Royal Canal- 4th/8th April 2015

ROYAL CANAL: Ballymahon to Longford 8th April


Clear skies again with the promise of another hot day once the most had been burned off.  

Our last day on the walk and we had decided we would walk up the canal branch to Longford and try to get us and the dogs on the train back to the car at Maynooth. 

At the next lock the keeper told us that there were lots of leaks and it was a bit of a struggle keeping water in some sections. Sure enough later on we noticed that the level was down at least a foot between a couple of locks. 

There is currently a lot of work being done on the towpaths creating the walk/ cycle way and dredging and clearing the canal itself. We came upon one of the diggers with a massive arms for scrapping the opposite bank. 

After a longer than planned breakfast stop at Foigha bridge waiting for the shop to open it was out onto the Corlea bog where the visitor centre that displays the Neolithic timber trackway has been making a path out to the canal. 

It was a lovely peaceful stetch of wildness through the land that time forgot. We passed another little canal house slowly disappearing into the bog. 

It was sad to think of all the work and effort that had gone be into the 30 years of building the canal only really funcioning for another 30 before the railways signalled the end to the endeavour apart from a few years over WW2 when fuel shortages encouraged horsedrawn barge transport. 

The massive clearance task taken on by the voluntary Ammenity groups over decades was really brought home to us when we got to the Longford branch and saw it was blocked off and unrestored.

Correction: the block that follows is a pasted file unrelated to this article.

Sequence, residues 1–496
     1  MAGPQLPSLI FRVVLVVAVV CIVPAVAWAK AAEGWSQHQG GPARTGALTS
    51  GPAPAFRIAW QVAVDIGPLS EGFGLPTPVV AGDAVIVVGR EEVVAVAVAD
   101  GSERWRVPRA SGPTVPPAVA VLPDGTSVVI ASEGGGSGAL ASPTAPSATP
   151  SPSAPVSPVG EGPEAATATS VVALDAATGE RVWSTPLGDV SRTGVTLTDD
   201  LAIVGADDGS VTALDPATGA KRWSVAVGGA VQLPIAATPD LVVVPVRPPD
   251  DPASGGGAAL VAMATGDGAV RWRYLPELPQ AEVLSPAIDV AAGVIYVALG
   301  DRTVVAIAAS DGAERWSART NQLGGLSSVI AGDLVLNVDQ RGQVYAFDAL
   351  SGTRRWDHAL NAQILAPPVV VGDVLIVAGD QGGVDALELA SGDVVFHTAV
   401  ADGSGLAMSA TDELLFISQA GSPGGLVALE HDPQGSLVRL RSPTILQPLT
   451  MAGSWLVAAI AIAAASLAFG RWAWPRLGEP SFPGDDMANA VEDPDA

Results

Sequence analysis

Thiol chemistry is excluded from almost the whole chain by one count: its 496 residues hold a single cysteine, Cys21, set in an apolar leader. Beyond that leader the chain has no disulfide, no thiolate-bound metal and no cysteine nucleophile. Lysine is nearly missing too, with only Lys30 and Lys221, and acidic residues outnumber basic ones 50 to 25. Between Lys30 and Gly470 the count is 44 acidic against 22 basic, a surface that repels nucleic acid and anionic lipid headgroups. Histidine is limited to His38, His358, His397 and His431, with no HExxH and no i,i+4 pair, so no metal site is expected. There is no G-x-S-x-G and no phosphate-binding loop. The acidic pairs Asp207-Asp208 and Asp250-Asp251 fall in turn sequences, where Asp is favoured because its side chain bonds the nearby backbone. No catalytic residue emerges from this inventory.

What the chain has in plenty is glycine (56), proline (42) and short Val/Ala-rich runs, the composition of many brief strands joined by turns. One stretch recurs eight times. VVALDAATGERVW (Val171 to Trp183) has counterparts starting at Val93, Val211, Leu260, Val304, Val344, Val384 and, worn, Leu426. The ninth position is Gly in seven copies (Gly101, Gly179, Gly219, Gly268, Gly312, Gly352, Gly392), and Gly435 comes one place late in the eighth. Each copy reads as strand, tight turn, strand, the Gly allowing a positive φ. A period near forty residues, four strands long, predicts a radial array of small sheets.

Time for a rest with just 8kms to go. 

On the outskirts of Longford a roadbridge over the top of the canal shows what little regard the planners of the seventies and eighties had for the amazing structure we had followed across the country for 125kms. 

All of Ireland’s inland waterways are a beatiful way to explore what is still”real Ireland”. I hope that the creation of the new walk/cycle tracks and greenways encourage more people out there to enjoy the sadly under-utilised resource. 

Mission accomplished. 

ROYAL CANAL: Coolnahay to Ballymahon 7th April


Another cold clear night under a micron of nylon and a frosty start to the day. There was a skin of ice over everything and no camp fire to dry/warm things over so we put the tents away wet hoping to dry it all out at camp that night. 

After reclaiming my battery pack that had been charging in the tea room all night and a chat with the friendly lock keeper, who we have awarded best of 2015, we headed off down past his canal side gardens and tree planting on a newly laid walking / cycling track. There was a rash of bridges and locks over the next few kms some sporting interesting graffiti and some with neatly kept flowerbeds. 

Then quite a long straight section across empty flat land on the approach to Ballynacarrigy. 

The lock keeper of the year had given us fresh scones for breakfast but we needed more so we stopped at the impressive harbour there for coffee and chocolate and marvelled at the unknown or celebrated attractive villages we were discovering on the canal. 150 years ago this backwater was a important trading centre and had in the early seventies formed the first Royal Canal Ammenity Group which kick started the whole restoration process. By 1990 the canal had been, bit by bit, cleared and rewatered from Dublin to Mullingar but it took another 20 years to complete all the way to the upper Shannon at Tarmonbarry. 

We carried on towards the bog at Ballymaglavy passing an abandoned canal house that would have made a fine home for the night. 

We went over the beginnings of the river Blackwater 

and across a  vast expanse of bog where the turf was being harvested in a way we hadn’t seen before. 

There was yet another of the meloncoly bridges to nowhere

and a derelict lock house with an interior that needed a severe makeover.